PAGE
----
Goan to Antarctica....

Goan scientist Helga do Rosario Gomes is en route to the icy continent, and is keeping her blog of the journey...

Friday, December 09, 2005

Fish mail

Photo, left: Orcas dancing in the wake of the Palmer.

A common dinner topic when we can hear ourselves speak is to compare this trip with last year’s trip. This makes the rookies very unhappy and they tend to roll their eyes like I used to when my father would narrate his WWII stories. They go, “Is it going to be the orca whale story or the fish mail story?”

The former is a real sore topic because this year although we have seen an abundance of marine life, the orcas eluded us. Last year they put on a big show for us. As our ship cut into the thick ice, a huge school of orcas popped their heads out of the cracked ice.

At one time seven of them popped right near our ship and spouted arcs of water. This was a much better show than the one by young women in the Olympic synchronous swimming events especially because the orca’s noses were not plugged!

But the fish mail is a better story. I thought I should share it on this last day of science.

Last year as we were heading towards the pole we saw a small fishing vessel sailing in our wake. It was from New Zealand, and the captain was hoping to push deeper south by sailing in the swath we cut into the thick ice.

In doing so the fishermen were saving on gas and forging deeper south to richer fishing grounds than are usually within their reach. Being a small fishing boat it had no ice breaking capacity.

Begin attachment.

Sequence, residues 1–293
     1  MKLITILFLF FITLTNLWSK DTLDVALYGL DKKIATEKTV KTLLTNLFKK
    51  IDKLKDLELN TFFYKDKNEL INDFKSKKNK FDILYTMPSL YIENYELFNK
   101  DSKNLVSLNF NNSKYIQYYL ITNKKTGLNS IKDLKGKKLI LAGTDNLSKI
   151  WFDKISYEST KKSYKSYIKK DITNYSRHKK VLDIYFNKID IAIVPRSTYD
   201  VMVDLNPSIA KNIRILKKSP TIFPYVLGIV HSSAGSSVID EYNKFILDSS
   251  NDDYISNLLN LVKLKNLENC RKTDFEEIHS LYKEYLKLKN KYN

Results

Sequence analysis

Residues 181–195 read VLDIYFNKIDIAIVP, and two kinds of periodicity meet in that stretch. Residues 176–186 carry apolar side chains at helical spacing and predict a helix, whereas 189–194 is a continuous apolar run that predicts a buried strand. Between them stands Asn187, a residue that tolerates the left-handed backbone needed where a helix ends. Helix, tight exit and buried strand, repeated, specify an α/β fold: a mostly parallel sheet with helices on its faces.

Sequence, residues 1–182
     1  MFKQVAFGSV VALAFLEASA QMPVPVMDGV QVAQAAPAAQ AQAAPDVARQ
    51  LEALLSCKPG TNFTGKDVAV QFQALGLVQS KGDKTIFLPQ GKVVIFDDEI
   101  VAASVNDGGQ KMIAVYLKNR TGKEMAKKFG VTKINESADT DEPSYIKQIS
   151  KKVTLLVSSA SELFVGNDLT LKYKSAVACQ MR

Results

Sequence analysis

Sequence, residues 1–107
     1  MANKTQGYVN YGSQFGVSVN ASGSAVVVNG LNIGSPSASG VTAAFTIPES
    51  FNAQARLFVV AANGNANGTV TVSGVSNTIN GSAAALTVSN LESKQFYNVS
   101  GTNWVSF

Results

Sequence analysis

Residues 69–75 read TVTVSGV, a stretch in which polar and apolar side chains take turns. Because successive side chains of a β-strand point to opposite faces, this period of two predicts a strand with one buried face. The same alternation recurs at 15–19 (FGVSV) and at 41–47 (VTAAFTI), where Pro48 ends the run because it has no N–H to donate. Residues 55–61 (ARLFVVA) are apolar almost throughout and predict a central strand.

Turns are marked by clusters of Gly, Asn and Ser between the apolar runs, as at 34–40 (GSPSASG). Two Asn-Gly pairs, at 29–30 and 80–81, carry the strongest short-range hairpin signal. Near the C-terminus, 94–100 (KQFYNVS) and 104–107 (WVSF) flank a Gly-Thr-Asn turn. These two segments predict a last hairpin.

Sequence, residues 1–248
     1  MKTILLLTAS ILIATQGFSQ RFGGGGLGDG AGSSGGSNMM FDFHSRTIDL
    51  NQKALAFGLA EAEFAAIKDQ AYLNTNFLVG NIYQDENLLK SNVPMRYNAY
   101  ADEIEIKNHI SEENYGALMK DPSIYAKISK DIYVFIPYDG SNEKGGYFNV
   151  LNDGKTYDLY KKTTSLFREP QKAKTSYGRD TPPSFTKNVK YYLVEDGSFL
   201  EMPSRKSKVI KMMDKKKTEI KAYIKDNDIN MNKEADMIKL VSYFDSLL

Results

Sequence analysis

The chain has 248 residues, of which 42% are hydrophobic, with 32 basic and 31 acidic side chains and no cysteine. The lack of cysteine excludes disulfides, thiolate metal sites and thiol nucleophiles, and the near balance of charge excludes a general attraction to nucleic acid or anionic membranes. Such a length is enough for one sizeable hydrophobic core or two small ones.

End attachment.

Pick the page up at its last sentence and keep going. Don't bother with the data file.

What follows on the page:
Well at some point, they decided they had enough fish and would give us some. A little rubber dingy brought us nine huge Patagonia tooth fish or Chilean sea bass which in the US is frightfully expensive.

While the transaction was going on, some of our young women commented that the young fishermen were sizing them with their binoculars, a futile exercise I thought as everyone is clad in the same attire.

But these were no ordinary boys! The next morning as the cook cut the fish he found a plastic bag with a letter in the belly of the fish. The letter, from one of the young fishermen pleaded with any respectable young lady to correspond with him via email!

He had been at sea for very long and missed the young women from the remote islands of New Zealand where he came from. A young liberal arts student volunteered to reply but she tended to be a bit facetious and made remarks like “Did you see me on the deck? I was in a red jacket!”

Everyone has a red jacket!

We asked her to be nicer and she was! Everyday the fish mail was stuck on the notice board and it made for interesting reading. This went on for a while with other young men begging for their own fish pals.

But then the young man cut his finger very badly while filleting some fish and and that ended the fish mail.


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